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I've had my own 'RV Dump' where I park since 1985 and I'm on Septic. Also we have used powder laundry soap since 1985 too .. I even lived inside my coach for 18 months about 5 years ago using the dump the whole time. I've used all kinds of RV chemicals over the years except any containing formaldehyde with no problems. I use Septic Tank Treatment once a year that adds enzymes/bacteria to the system that keeps it 'working' correctly. I haven't had to have the Septic tank pumped since it was put in new in 1985. There is no reason not to use a RV dump on Septic system.
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Old 01-12-2013, 10:24 PM   #9
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I've had my own 'RV Dump' where I park since 1985 and I'm on Septic. Also we have used powder laundry soap since 1985 too .. I even lived inside my coach for 18 months about 5 years ago using the dump the whole time. I've used all kinds of RV chemicals over the years except any containing formaldehyde with no problems. I use Septic Tank Treatment once a year that adds enzymes/bacteria to the system that keeps it 'working' correctly. I haven't had to have the Septic tank pumped since it was put in new in 1985. There is no reason not to use a RV dump on Septic system.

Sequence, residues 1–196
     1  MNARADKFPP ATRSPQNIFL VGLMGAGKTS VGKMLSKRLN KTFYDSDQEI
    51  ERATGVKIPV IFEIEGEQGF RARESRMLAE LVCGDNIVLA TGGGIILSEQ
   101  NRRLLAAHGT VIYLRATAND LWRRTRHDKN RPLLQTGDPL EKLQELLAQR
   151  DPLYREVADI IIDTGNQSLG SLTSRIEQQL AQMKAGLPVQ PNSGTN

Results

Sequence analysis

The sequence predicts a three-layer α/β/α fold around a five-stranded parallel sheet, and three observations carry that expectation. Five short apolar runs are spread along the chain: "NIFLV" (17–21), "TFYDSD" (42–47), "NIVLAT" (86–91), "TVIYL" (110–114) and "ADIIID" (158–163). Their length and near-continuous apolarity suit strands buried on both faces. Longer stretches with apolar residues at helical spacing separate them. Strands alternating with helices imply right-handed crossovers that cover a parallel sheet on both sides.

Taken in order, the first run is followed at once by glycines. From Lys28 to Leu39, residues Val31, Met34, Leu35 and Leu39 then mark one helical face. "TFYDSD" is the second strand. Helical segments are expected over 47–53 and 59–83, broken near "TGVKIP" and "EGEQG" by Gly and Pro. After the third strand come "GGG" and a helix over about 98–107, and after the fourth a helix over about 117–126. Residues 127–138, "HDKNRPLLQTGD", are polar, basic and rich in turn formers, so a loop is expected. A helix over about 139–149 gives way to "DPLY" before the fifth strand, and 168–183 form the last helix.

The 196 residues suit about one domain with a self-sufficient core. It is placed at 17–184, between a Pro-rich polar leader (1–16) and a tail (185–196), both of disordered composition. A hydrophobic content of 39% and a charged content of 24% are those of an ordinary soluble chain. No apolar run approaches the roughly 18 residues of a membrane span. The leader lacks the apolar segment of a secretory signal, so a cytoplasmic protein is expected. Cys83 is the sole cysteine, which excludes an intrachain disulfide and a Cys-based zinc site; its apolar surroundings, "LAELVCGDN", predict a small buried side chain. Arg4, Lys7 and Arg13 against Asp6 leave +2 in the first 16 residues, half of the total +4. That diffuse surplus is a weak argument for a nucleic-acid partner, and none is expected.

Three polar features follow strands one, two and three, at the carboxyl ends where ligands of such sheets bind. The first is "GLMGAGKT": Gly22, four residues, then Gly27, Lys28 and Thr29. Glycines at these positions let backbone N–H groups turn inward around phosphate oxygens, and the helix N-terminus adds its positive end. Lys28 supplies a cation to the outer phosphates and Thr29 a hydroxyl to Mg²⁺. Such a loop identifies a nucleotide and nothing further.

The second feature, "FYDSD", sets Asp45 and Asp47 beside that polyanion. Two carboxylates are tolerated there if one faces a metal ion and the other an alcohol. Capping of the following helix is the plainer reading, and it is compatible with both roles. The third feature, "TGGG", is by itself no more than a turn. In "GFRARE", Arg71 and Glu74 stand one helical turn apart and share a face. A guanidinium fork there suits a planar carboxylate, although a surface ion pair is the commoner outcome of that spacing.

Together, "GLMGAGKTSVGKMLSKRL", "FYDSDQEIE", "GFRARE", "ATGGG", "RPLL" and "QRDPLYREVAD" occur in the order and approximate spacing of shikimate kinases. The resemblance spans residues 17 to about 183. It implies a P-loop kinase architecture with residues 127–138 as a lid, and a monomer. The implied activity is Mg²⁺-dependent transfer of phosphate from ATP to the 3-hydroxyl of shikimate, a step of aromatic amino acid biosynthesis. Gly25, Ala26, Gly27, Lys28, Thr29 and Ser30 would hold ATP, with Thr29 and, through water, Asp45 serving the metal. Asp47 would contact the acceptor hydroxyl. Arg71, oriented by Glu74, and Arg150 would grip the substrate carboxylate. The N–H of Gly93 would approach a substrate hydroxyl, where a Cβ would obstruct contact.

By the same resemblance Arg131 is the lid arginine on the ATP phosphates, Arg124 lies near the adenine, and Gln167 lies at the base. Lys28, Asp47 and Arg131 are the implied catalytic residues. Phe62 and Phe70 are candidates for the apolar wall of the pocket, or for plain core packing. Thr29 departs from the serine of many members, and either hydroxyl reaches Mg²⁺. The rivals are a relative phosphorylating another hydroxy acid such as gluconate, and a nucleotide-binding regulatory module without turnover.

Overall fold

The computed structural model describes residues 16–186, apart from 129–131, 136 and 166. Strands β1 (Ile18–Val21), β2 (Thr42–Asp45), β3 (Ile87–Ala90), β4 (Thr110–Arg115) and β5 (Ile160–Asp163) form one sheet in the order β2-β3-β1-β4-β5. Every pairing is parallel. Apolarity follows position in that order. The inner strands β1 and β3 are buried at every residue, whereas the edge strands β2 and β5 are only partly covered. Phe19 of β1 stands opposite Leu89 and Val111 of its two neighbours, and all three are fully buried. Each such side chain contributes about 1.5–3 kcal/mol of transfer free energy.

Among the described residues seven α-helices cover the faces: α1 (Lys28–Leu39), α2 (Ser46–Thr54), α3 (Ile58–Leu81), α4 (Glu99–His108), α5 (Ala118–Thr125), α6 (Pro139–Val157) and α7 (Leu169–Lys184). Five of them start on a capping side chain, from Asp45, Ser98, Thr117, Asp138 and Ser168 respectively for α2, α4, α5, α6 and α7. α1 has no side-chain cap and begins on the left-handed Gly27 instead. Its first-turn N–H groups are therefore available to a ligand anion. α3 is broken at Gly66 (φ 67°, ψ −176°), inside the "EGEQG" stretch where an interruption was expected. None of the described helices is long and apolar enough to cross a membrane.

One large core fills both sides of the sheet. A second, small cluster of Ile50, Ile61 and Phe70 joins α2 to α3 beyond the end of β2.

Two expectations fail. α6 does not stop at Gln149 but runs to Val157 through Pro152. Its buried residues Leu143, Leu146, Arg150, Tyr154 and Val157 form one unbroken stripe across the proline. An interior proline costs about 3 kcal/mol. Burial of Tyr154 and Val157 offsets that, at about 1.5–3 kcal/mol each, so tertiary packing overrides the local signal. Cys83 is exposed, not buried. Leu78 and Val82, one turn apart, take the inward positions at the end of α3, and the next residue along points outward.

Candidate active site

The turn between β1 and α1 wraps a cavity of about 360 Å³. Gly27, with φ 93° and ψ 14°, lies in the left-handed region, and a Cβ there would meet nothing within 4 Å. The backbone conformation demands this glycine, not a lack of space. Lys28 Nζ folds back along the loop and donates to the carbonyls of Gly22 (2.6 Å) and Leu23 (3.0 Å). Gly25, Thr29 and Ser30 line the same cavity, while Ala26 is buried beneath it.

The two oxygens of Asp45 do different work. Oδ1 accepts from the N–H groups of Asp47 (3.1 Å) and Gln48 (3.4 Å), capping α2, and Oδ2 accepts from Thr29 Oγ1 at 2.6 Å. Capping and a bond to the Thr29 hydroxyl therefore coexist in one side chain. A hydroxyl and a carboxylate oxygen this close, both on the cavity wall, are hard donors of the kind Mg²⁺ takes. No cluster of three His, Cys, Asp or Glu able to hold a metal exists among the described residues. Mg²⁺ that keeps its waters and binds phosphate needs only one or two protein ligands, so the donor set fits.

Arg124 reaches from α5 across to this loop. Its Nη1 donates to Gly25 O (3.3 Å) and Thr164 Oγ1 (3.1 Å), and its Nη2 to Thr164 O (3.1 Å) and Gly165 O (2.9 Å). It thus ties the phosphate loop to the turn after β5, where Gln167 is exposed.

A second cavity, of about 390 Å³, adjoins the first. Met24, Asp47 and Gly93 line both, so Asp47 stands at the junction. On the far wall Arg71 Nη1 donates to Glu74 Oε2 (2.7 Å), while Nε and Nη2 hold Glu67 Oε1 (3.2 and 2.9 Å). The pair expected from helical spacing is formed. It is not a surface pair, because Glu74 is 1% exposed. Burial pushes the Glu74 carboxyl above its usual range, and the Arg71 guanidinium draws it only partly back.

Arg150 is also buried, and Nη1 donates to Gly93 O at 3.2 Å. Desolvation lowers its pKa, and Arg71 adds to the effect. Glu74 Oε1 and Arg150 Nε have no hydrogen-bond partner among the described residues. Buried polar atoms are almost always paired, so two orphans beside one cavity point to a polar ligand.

Wow, thanks, This is the kind of info I was looking for. Sounds like I will be alright if I do it the right way.
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Old 01-12-2013, 10:36 PM   #10
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So if it doesn't have formaldehyde it is safe for septic tanks? Is the formaldehyde what kills the enzymes in the septic tank? We do alot of dry camping so I think I need something for odor even though when I dump I thoroughly rinse the tank and add water before use.
Based on my experience if you have an odor problem it is probably due to not using enough water and/or a plugged black water tank vent. When we had an odor problem, we replaced the toilet and used chemicals to no avail. Then I found that mud dobbers had plugged the vent. When I fixed that and started using the Geo method and I add 5/7 gals water as soon as the tank is dumped.
I started this while dry camping and found that we got about 5 days more use before dumping than before. So using more water got us more time.
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Old 01-12-2013, 10:58 PM   #11